Trail Running : ACSM's Health & Fitness Journal

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DEPARTMENTS: Fitness Focus

Trail Running

Roy, Brad A. Ph.D., FACSM, FACHE

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ACSM's Health & Fitness Journal 19(3):p 3-4, May/June 2015. | DOI: 10.1249/FIT.0000000000000115
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In Brief

This copy-and-share column discusses Trail Running.

Summer and fall are terrific seasons to add variety to your workouts by indulging in a bit of trail running. Defined as anything “off road” or running on unpaved surfaces such as gravel and dirt paths, trail running has significantly increased in popularity during the past decade. Getting away from the hard surfaces, traffic, and pollution of the roads is mentally refreshing and may help to reinvigorate your training routine.


Because trail surfaces generally are more porous than pavement and sidewalks, they tend to be a bit easier on our joints and may lessen the likelihood of experiencing an overuse injury. Trails offer a variety of terrain that will stimulate strength development, both in the primary muscles and the smaller accessory muscles that provide support and stability as we move. In addition, the varied surfaces experienced during the course of a trail run stimulate improved proprioception (knowing where your limbs are in space), balance, agility, and mental focus.

Best of all, trail running is FUN. The wide variety of terrain and challenges makes workouts fly by!


Trails, especially those with significant elevation and surface changes, can be quite challenging. Thus, it is important to introduce trail running gradually by incorporating easier, flatter routes to begin with. Initially, introduce trail running 1 to 2 days each week. The varied surfaces/terrain will result in a slower running pace than a similar effort on the roads. Thus, it is important to run by effort (easy to moderate) and not focus on your actual pace. One of the most common trail running mistakes people make is starting too fast.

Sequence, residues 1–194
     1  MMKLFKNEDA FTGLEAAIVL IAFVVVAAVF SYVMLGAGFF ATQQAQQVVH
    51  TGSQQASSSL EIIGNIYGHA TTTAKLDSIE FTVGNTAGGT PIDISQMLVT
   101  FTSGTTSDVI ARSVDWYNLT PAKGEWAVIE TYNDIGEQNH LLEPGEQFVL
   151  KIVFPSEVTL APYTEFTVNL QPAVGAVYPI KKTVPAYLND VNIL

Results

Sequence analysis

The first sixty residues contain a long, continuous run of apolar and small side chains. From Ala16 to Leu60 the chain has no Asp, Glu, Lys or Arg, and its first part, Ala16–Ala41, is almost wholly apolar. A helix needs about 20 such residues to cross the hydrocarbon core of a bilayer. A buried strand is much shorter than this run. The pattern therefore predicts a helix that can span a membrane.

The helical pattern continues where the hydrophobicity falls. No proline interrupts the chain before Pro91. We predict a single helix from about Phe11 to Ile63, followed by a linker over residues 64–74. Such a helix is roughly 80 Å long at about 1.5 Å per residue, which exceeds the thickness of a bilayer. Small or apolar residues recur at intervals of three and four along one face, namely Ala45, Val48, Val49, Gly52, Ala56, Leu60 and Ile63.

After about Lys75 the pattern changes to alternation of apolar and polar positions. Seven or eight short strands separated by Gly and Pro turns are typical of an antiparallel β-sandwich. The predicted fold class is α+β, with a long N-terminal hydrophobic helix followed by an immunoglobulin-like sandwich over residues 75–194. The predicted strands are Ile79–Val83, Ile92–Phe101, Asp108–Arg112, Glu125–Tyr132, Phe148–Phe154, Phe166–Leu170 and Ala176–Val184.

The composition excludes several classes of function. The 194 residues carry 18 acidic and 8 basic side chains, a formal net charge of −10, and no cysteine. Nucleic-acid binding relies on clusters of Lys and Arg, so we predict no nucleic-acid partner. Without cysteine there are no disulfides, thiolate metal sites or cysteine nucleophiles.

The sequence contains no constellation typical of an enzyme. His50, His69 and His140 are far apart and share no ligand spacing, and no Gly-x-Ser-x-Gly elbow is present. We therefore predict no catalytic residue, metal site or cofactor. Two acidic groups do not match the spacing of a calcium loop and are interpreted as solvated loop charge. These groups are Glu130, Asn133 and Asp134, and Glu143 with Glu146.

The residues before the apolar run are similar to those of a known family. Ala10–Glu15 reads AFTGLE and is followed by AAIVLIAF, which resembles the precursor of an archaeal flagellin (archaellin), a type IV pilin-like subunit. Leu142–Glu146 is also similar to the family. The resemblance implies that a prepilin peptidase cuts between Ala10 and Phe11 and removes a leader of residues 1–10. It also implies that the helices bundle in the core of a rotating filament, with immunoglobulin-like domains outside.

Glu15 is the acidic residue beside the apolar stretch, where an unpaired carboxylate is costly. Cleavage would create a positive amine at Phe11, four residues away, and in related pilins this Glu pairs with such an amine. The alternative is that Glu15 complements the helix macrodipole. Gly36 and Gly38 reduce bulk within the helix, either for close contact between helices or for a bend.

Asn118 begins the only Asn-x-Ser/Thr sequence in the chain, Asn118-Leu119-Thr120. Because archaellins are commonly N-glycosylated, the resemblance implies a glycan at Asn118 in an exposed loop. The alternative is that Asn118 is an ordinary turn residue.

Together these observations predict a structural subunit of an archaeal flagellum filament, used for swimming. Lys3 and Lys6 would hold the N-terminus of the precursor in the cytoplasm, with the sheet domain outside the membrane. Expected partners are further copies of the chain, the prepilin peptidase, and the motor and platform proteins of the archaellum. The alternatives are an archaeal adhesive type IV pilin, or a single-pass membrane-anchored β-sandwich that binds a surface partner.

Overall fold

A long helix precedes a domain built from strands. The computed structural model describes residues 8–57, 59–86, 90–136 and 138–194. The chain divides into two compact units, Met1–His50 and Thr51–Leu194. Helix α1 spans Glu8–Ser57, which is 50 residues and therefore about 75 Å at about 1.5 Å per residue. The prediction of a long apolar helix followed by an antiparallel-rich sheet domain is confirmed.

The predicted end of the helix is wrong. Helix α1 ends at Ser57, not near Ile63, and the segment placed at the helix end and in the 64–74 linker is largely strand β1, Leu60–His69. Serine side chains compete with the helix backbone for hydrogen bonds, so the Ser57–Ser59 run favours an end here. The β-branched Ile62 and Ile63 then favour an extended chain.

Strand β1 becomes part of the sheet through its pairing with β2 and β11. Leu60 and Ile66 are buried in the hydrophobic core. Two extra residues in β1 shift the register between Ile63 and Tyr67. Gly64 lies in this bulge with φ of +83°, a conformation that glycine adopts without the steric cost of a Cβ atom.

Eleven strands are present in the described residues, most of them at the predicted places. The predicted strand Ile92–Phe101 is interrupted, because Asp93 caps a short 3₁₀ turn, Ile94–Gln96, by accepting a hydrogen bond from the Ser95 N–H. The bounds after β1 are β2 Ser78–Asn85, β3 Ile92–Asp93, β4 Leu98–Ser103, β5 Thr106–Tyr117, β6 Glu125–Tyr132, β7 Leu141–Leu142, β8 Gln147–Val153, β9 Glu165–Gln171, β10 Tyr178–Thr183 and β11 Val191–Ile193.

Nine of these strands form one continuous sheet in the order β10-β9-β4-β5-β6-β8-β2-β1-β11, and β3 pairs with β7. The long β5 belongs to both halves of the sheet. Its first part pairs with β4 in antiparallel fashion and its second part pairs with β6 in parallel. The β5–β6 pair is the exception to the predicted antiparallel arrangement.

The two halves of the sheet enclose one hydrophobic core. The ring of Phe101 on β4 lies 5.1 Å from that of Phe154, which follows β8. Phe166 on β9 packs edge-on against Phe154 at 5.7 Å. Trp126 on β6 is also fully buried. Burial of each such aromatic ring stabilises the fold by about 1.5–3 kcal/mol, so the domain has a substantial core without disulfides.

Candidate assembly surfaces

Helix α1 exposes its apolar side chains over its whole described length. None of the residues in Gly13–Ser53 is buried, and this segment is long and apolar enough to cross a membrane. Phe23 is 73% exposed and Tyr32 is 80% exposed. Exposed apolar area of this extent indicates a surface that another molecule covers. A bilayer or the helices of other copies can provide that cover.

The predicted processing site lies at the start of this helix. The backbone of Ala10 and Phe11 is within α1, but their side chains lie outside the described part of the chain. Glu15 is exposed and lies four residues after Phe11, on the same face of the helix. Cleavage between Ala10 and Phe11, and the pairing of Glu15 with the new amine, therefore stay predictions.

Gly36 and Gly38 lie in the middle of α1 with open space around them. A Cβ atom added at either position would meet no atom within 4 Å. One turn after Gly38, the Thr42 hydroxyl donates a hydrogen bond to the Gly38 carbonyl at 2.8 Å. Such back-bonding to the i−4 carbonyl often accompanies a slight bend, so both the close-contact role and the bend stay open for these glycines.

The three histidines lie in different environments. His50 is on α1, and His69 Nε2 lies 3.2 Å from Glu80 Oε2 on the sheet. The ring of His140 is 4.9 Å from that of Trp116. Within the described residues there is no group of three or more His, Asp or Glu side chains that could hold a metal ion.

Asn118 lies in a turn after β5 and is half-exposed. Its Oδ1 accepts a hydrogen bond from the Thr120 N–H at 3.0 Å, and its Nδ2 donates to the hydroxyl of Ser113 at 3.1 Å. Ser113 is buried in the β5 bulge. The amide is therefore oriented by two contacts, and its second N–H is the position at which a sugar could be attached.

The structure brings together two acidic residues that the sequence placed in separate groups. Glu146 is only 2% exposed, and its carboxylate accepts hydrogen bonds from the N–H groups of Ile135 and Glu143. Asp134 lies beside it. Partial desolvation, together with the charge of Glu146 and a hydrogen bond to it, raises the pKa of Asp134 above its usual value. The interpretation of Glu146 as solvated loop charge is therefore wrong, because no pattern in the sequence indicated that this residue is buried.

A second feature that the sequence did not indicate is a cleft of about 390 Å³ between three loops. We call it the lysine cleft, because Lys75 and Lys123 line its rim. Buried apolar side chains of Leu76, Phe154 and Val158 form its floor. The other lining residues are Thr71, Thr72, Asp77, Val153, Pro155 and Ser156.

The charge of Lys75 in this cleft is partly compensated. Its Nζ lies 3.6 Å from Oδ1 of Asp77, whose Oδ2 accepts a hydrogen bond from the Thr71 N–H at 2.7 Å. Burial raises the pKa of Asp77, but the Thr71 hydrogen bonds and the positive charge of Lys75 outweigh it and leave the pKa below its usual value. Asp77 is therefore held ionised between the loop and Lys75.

Successfully negotiating trails, especially more challenging routes, requires a strong mental focus, overall agility to maneuver over and around obstacles, and strength to negotiate hills and uneven surfaces. Thus, strength training should be part of the overall training program. An ACSM-certified personal trainer can assist with setting up a well-rounded conditioning program.


Varied surfaces, hills, obstacles, and trail angles require a variety of running techniques to travel the route safely. Following are a few tips that will help make the trail adventure more comfortable:

  • Relax — many beginners are fearful of falling and have a tendency to tense up. Tensing up reduces our agility and ability to maneuver around obstacles. Trail running is a skill that needs to be practiced and gradually increased in difficulty. Start with easier trails to build confidence and gain technique and conditioning.
  • Don’t overstride — Stride length on trails, especially for beginners, should be shorter than the typical stride used on the roads. A shorter stride keeps the foot plant closer to the center of gravity, allowing us to be lighter on our feet to react to rocks, roots, and other sudden terrain changes.
  • Uphill — Focus on staying relaxed, using your arms and taking shorter quicker strides with good knee lift. Should the pace uphill slow too much because of the steep terrain, consider walking for a bit because this may be more efficient.
  • Downhill — There is a tendency to overstride and brake while running downhill. This is hard on muscles and joints and makes it more challenging to avoid rocks and other obstacles. Keep your feet underneath you, not out in front, and your foot plant light and rolling.
  • Stay safe; follow the safety tips in Box 1.
Box 1:
Safety Tips

While fun, invigorating, and at times challenging, venturing off-road onto trails is not without risk. However, with proper preparation, technique, and safety considerations, trail running can add an enjoyable dimension to your training regimen.

© 2015 American College of Sports Medicine.